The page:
It’s #exoplanetweek you guys!

This story is fascinating on so many levels. One is that estimates based on the Kepler planet survey say there should be over a billion Earth-like worlds in our galaxy alone. Multiply that by the some 100 billion galaxies in the universe…!

Earth, these estimates say, is among the youngest of this group of habitable zone planets to have been formed; in fact, upwards of 92% of theoretically possible habitable zone planets haven’t been formed yet. What are some of the consequences of this? According to the article:

“A big advantage to our civilization arising early in the evolution of the universe is our being able to use powerful telescopes like Hubble to trace our lineage from the big bang through the early evolution of galaxies. The observational evidence for the big bang and cosmic evolution, encoded in light and other electromagnetic radiation, will be all but erased away 1 trillion years from now due to the runaway expansion of space. Any far-future civilizations that might arise will be largely clueless as to how or if the universe began and evolved.”

That means we’re very lucky to be able to even possess the knowledge that we have as a civilization about the workings of the universe. We’re witness to something future civilizations won’t have a chance to be witness to.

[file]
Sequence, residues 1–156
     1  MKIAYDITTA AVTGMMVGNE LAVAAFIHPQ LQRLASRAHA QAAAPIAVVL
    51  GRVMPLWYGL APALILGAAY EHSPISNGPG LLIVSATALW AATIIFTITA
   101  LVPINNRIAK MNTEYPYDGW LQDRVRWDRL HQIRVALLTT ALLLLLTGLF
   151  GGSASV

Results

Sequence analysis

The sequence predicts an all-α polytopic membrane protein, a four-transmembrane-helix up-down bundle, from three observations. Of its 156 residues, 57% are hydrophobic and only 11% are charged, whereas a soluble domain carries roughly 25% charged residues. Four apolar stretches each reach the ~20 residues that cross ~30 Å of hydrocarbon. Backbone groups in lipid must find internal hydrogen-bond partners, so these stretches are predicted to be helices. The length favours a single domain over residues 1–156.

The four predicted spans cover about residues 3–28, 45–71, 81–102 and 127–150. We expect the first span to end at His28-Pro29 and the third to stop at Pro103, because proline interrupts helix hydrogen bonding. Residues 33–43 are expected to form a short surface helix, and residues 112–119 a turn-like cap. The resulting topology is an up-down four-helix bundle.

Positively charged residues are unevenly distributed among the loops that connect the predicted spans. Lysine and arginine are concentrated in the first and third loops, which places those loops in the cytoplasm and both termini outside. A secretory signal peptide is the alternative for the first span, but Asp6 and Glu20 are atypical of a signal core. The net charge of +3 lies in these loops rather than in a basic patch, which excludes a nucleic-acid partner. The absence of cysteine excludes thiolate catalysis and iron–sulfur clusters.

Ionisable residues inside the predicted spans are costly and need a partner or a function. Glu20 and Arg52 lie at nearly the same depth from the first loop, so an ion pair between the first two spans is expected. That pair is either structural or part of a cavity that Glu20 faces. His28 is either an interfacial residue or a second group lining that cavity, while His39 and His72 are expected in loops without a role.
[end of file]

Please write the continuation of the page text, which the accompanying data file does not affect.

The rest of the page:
I always like to say that we’re extremely early in the history of human civilization. It’s hard not to hear the possibility of 100 billion-billion possibly habitable worlds without a sense of wonder or possibility. We may not be at the cusp of human history, of course, as there are forces daily that dare to tear this world asunder, and we may in fact be at the twilight of humankind.

We’re in a great transitional moment, either we learn to live in harmony with our environment and pass wisdom throughout the ages and help be the shepherds of all life to come, or we destroy the environment we sprang from and gives us succor and all we leave behind are the dead for someone else to sift through to see what went wrong. It would amount to this: a giant experiment in human consciousness ending with a giant monument of death warning against the evils of hubris and the limits of desire.

Stories like these reinforce my belief that there is a great responsibility that comes with being alive which is to care for yourself and the spheres of your life to the best of your ability and to create an environment that is friendly to life, that doesn’t cause others danger or damage or live at others expense. A kind of holism, which is partly recognition that the web of life is the sum of parts, and that includes our part. A Cabalistic saying I’d heard from years back (badly paraphrased): “I am the most insignificant speck of dust in the universe; for me, the universe was created”…



Cash-strapped governments worldwide are throwing vast amount of resources into a zero-sum game. Known oil reserves are already over 3x what’s “safe to burn” (meaning, what would reach what the international community has deemed “acceptable” levels of global warming). Meanwhile G20 countries spent $88 billion looking for more reserves. That all spells global catastrophe. We should be engaging in a herculean transformation of the world economy and instead are speeding gingerly into ecological collapse. This is just one example of how that’s happening.